While CBD itself can deliver numerous potential health benefits, CBD products also benefit from the “entourage effect” – additional benefits provided by secondary compounds within the product. For example, D-limonene, one of the 200+ terpenes found in CBD oils, has been reported to have anti-inflammatory and antioxidant properties.
CBD distillates can still receive the benefits of the entourage effect, as many of these additional compounds remain present within the distillate. CBD isolates, however, miss out on the benefits of the entourage effect as no compounds other than CBD is present.
The CBD distillation process
To create CBD distillates, a lengthy process is required in order to separate the CBD in hemp extract from other compounds. The initial extraction method involves the physical or chemical separation of cannabinoids from hemp plant matter. Physical separation can be carried out via sieving, or chemical separation may involve CO2 extraction or the use of a solvent.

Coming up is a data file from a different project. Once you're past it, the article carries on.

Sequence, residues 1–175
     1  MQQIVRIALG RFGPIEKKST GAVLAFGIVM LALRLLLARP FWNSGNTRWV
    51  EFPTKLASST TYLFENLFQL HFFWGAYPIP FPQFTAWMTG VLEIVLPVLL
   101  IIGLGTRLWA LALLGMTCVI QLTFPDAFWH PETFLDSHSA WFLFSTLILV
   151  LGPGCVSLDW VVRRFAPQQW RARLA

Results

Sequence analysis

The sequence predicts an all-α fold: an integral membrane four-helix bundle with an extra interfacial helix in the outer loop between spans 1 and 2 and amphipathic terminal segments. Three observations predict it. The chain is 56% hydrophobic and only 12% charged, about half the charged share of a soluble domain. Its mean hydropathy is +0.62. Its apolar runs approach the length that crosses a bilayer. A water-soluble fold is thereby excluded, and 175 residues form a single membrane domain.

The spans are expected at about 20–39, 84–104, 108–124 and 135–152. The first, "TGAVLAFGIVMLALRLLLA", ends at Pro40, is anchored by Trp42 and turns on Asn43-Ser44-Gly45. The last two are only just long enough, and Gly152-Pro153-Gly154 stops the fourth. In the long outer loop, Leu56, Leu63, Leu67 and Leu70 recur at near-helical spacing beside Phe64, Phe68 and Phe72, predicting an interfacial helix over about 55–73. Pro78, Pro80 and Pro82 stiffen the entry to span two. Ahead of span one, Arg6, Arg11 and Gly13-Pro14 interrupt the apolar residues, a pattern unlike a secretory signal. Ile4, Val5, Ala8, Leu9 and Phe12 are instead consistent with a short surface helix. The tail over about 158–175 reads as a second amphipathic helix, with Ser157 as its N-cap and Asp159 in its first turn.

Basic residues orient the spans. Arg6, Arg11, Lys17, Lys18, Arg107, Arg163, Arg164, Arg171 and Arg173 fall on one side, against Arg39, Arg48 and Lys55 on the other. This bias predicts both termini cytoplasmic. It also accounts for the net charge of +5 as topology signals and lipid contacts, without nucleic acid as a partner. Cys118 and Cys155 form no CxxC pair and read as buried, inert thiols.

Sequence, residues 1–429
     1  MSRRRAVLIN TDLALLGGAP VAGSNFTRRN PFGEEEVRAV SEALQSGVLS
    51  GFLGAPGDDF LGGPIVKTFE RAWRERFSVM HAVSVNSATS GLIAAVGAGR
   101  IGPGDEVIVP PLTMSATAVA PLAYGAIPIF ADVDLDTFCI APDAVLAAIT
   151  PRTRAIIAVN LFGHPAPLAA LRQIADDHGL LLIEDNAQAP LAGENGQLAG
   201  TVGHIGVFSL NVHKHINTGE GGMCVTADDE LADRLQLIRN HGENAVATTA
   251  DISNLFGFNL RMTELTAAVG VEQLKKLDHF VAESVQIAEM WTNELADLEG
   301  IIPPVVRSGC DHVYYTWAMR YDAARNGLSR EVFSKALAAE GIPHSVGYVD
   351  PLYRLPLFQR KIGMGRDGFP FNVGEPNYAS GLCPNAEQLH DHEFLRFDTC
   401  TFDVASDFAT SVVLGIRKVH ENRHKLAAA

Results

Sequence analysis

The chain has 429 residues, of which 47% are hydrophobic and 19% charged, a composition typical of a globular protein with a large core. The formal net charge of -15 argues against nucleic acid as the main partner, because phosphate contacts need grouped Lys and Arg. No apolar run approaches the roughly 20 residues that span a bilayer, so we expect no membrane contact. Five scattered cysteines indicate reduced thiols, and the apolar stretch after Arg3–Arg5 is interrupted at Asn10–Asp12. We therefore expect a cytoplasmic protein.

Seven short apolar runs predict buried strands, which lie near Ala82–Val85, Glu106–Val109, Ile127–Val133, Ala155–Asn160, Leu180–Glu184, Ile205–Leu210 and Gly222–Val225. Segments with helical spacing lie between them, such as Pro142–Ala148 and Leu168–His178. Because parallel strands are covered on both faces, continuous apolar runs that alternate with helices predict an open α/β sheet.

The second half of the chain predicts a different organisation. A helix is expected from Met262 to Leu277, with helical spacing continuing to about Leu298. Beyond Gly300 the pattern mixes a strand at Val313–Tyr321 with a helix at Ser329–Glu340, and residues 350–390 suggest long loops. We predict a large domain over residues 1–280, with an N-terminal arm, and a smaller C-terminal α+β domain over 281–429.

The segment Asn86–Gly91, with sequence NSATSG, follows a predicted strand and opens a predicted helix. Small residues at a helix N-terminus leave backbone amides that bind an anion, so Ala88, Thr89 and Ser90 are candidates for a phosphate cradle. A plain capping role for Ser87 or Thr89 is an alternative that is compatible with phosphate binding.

Once the CBD has been initially extracted, there are three more stages to create a distillate: winterization, decarboxylation, and distillation.
No matter whether the hemp material has undergone a physical or chemical separation, the resulting extract will contain a variety of impurities and organic matter, including plant waxes, lipids, and chlorophyll. Winterization removes some of these impurities by further separating them from CBD and other cannabinoids.
The extract is mixed with a solvent such as ethanol and is then left in very cold temperatures for between 24 and 48 hours (hence the term winterization). During this time the impurities in the extract will begin to solidify and separate from the rest of the mixture, falling to the bottom of the mixture.